receive asphalt pavement.
Asphalt cleaning - Use good practices when using petroleum products such as diesel fuel to clean
asphalt tools and equipment to prevent contamination to any waters or soil. Dont clean equipment
or tools near streams, ponds, or drainage structures. Solid pieces of asphalt must be removed by
scraping or other mechanical means if possible before applying a cleaning agent. Asphalt removed
solely by mechanical methods, using no cleaning solvents may be disposed of as C&D (See Pavement
disposal below). If a petroleum product such as diesel fuel is used for cleaning, a minimal amount of
petroleum product should be used to accomplish the cleaning because all spent cleaning product must
be recovered. Use hand sprayers or other similar devices to minimize the amount of petroleum-based
cleaner applied. Contain all products (including the cleaning product and the contaminated asphalt
residue cleaned from the equipment) during cleaning using tarps, sand pads, pails or other collection
methods to avoid spillage or accidental release of cleaning products. Contaminated sand, soil, asphalt
pavement residue, and other debris containing petroleum products resulting from activities such as
paver cleaning with petroleum products should be handled as petroleum contaminated soil/debris and
must be disposed at an authorized disposal (i.e., a lined municipal solid waste landfill) or treatment
facility. See 5.4- Waste Management - Specific Items (Petroleum Contaminated Soil). Report releases
of petroleum products to the NYSDEC Spills Hotline (1-800-457-7362).
Pavement disposal - Recognizable uncontaminated broken concrete and asphalt from demolition
activities or excess material from a project are construction and demolition (C&D) waste. Pavement
containing routine intact traffic markings (i.e. paint) or which has come into contact with petroleum
products such as lubricants through normal vehicle use of the roadway are considered uncontaminated
and can be handled as C&D debris.
Except for in Nassau or Suffolk Counties and within the APA (a permit is required within the APA),
these materials can be disposed of at suitable locations on NYSDOT property (spoiled onsite), or
taken to an off-site disposal facility that charges no fees and operates only during daylight hours (i.e.,
facilities requesting fill at no charge). Do not place this material within 30 meters (100 feet) of
wetlands, archeological sites, or other sensitive environmental areas. See 3.5- Waste and Spoil
(Excavated Material) Disposal and 5.1.4- C&D Debris for additional information. If disposed of
within Nassau and Suffolk Counties, C&D debris including uncontaminated pavement debris must be
disposed of at an authorized lined disposal facility or taken to an authorized C&D debris processing
21 Environmental Handbook for Transportation Operations. June 2011
3.1.2 Pavement marking
Traffic marking activities use paints/coatings that may contain hazardous ingredients and must not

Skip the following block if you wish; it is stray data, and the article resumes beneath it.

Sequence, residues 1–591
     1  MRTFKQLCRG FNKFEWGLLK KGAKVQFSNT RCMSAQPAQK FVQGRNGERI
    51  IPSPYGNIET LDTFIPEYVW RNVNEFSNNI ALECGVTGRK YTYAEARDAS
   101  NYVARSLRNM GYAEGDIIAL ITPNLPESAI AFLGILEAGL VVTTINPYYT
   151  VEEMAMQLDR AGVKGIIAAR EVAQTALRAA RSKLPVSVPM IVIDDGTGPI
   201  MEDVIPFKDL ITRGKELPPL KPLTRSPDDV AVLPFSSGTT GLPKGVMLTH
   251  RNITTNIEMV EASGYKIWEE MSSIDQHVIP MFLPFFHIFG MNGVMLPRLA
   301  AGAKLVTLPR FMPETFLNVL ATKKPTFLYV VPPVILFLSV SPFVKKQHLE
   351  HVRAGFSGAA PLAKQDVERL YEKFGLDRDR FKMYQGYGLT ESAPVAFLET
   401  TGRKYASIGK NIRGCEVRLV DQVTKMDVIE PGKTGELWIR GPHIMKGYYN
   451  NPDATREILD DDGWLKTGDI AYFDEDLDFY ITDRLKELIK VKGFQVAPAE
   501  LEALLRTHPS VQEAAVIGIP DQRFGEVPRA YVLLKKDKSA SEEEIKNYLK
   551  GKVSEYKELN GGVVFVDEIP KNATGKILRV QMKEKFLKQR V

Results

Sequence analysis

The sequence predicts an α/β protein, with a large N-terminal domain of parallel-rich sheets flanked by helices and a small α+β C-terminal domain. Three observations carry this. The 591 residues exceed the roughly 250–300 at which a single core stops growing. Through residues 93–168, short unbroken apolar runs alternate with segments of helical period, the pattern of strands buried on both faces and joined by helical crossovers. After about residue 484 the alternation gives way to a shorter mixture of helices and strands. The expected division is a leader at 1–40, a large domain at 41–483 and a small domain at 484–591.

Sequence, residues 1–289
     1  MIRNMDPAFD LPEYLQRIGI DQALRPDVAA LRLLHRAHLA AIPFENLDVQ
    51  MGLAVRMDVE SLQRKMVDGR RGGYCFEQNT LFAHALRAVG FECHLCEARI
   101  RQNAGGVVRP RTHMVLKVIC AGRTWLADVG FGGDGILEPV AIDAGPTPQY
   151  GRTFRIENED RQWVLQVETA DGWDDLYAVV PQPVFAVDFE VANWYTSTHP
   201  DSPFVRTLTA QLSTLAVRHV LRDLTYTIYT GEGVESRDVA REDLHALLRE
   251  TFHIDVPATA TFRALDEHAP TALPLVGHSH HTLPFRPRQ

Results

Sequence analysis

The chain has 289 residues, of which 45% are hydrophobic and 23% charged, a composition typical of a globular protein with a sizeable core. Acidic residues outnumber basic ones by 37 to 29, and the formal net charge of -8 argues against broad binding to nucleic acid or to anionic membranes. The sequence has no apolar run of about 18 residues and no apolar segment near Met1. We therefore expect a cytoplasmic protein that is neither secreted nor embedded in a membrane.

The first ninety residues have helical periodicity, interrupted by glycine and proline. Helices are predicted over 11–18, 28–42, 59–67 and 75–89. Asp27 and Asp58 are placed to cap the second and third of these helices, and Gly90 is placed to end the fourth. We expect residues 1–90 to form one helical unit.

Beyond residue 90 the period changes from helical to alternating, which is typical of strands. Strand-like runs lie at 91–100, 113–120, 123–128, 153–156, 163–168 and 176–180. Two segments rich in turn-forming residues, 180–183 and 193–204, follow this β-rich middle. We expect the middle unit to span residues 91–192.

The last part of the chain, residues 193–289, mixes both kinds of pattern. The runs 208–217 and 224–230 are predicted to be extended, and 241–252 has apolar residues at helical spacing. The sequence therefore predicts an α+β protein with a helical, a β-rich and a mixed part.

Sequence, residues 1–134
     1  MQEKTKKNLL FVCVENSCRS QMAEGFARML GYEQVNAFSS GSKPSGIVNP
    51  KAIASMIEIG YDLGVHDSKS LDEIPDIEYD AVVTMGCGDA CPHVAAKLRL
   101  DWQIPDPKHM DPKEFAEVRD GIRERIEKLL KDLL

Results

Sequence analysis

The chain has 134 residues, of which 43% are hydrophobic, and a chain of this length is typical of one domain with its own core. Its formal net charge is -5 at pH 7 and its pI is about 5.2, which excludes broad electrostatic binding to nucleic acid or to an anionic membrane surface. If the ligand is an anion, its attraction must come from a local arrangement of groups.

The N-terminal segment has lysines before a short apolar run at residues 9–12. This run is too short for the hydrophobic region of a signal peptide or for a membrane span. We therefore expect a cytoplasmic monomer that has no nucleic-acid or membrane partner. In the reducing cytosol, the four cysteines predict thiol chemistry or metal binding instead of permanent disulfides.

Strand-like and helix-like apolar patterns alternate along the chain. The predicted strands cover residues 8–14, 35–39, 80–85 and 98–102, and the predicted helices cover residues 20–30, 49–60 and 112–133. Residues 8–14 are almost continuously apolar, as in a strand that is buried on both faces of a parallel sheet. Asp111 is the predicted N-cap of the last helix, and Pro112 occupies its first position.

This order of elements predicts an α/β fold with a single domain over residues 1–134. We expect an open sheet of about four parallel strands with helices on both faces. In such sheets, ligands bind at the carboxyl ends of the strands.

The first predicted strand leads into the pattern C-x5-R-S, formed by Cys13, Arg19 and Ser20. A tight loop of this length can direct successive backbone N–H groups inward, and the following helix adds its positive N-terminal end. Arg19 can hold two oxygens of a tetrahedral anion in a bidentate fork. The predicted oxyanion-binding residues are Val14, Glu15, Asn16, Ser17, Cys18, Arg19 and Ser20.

be conducted in the rain. EPA and NYSDEC regulate coatings including traffic paint to limit the
release of volatile organic compounds (VOCs) which help form the air pollutant, ozone. Current
paint specifications which NYSDOT has adopted state-wide meet all the above requirements.
NYSDOT has replaced solvent-based alkyd traffic paints with waterborne paints that contain 80%
less organic solvents, and with epoxy paints that release no solvent vapors.
Yellow traffic marking paints in years past contained lead chromate in the pigment. NYSDOT has
been phasing out the use of lead chromate in yellow pigments. Beginning with the 2004 marking
season, non-lead based pigments were used in waterborne paints by NYSDOT Maintenance staff.
NYSDOT Engineering Instruction 06-002 issued in January 2006 announced that all marking paints
used on construction contracts must be free of lead chromate. As additional specification and
procedures are developed and existing stocks of pavement marking paints are replaced, we expect that
all markings in future years will be lead-free.
For older markings that contain lead, however, NYSDOT testing determined that typical dried
yellow markings/chips do not leach lead and chromium at levels that would require paint waste to
be classified as hazardous wastes. Therefore, dried paint marking chips/millings (yellow and white)
are non-hazardous industrial wastes. See 5.4 - Waste Management - Specific Items (Paint and Dried
Paint Chips and Flakes) for further discussion on disposal of traffic paints or of chips/markings
milled or removed from the road surface. Some of the constituents in paints have reporting
requirements for spills and releases and for use above certain thresholds. See 4.4 - Spills of Fuels,
Chemicals and Hazardous Products and 4.5 - Emergency Planning and Community Right-to-Know.
3.1.3 Shoulder maintenance
Cleaning/sweeping: Cleaning/sweeping of shoulders can generate large amounts of dust. Care should
be taken to minimize dust as much as possible. Equipment should be in good working order and
contain filters and/or other controls as feasible. See 5.4 - Waste Management - Specific Items (Street
Sweepings) for disposal information.
Widening/filling: In certain instances, NYSDOT designs and builds roads with narrow shoulders or
steep slopes to avoid or minimize impacts to wetlands, waterbodies, floodplains, or sensitive cultural
resources. When conducting shoulder maintenance activities in areas with narrow shoulders or steep
slopes, inspect the area and/or consult with the MEC to determine if there are wetlands, waterbodies,
or sensitive cultural resources (such as historic buildings or parkways) in the area. If there are such
resources, contact the MEC before placing excess material to widen the shoulders or smooth out the
slopes, as this activity may require a permit or consultation with NYSDEC, USACE, APA, and/or